@SteveChambers Your question is a little confusing. There is only one instance of your Runnable, but multiple threads can run it concurrently. – assylias Mar 15 '13 at 11:07
    
Oh I see! Think you may have just put your finger on the source of all my confusion. Am now thinking the running flag could be useless since it could be turned on by Thread #1 starting and then turned straight off again by Thread #2 finishing so would be false even if Thread #1 hasn't finished. – Steve Chambers Mar 15 '13 at 11:19

scheduleAtFixedRate (Runnable, long initialDelay, long period, TimeUnit timeunit)

This method schedules a task to be executed periodically. The task is executed the first time after the initialDelay, and then recurringly every time the period expires.

If any execution of the given task throws an exception, the task is no longer executed. If no exceptions are thrown, the task will continue to be executed until the ScheduledExecutorService is shut down.

If a task takes longer to execute than the period between its scheduled executions, the next execution will start after the current execution finishes. The scheduled task will not be executed by more than one thread at a time.

share|improve this answer

Why do you put your executor service in Runnable class? You should separate your ScheduledExecutorService as Singleton rather than being variable of runnable class.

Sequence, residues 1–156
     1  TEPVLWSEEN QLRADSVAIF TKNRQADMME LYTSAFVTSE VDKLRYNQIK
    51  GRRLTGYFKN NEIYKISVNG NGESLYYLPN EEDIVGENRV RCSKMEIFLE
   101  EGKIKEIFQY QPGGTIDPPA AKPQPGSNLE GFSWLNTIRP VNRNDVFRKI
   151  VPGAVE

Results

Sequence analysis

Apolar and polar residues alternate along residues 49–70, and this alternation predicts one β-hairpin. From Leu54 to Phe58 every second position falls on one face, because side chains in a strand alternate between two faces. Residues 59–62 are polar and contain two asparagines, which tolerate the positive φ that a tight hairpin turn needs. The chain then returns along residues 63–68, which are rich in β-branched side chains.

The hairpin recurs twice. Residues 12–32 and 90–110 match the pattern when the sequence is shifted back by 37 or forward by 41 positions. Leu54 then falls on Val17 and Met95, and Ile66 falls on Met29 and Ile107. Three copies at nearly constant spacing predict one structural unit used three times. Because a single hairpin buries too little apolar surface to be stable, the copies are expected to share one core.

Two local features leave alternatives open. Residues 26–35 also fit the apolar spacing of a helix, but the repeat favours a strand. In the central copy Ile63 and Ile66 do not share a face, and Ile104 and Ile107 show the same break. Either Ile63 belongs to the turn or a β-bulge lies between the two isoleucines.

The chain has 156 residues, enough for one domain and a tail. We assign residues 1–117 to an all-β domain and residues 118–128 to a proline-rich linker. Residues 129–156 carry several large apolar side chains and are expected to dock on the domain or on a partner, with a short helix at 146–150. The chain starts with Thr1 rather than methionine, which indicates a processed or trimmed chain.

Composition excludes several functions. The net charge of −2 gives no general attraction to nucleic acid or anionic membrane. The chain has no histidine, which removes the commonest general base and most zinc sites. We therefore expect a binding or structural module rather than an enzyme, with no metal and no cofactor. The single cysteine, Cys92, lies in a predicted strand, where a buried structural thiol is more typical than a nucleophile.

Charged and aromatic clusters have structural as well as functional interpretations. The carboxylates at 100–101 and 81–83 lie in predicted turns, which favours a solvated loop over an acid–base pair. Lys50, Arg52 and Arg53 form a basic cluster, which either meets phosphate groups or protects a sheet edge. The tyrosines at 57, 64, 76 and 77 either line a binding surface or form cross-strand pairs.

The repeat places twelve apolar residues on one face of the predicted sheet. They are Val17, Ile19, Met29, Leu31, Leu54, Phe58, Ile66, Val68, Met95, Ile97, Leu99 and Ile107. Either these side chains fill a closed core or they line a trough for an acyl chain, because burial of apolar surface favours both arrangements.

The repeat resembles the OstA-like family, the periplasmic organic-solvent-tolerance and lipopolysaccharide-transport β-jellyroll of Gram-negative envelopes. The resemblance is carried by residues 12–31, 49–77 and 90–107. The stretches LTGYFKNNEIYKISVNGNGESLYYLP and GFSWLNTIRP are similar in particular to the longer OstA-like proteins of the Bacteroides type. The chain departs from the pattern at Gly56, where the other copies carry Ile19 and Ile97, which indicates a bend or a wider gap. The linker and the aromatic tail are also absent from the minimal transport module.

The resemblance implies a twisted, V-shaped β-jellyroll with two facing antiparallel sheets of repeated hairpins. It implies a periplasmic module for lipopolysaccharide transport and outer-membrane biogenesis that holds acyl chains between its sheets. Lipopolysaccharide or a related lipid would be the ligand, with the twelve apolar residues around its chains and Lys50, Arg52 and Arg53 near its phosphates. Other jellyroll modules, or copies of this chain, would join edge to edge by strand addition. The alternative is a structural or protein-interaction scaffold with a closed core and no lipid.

Remind this ScheduledExecutorService is a thread container, so when you code this

this.ses = Executors.newScheduledThreadPool(CORE_POOL_SIZE);

it will create a lot of threads base on value of the size on the same time, when you put this code

this.ses.scheduleAtFixedRate(this, 0, 1, TimeUnit.SECONDS);

the ScheduledExecutorService will randomly pick a thread which idle to run this class every 1 second until it is finish. if you put sleep in run method that is longer than value of period time pass to scheduled thread, it wont create another thread until the 1st thread is finish. So if you want multiple thread run this Poller on the same time, then create multiple Poller instance and pass it to ScheduledExecutorService

CORE_POOL_SIZE its not redundant for me, its good to be a constant which value taken from configuration file.

Should running be static? it's depends on what you need. if you intend to create multiple instance of Poller then u shouldn't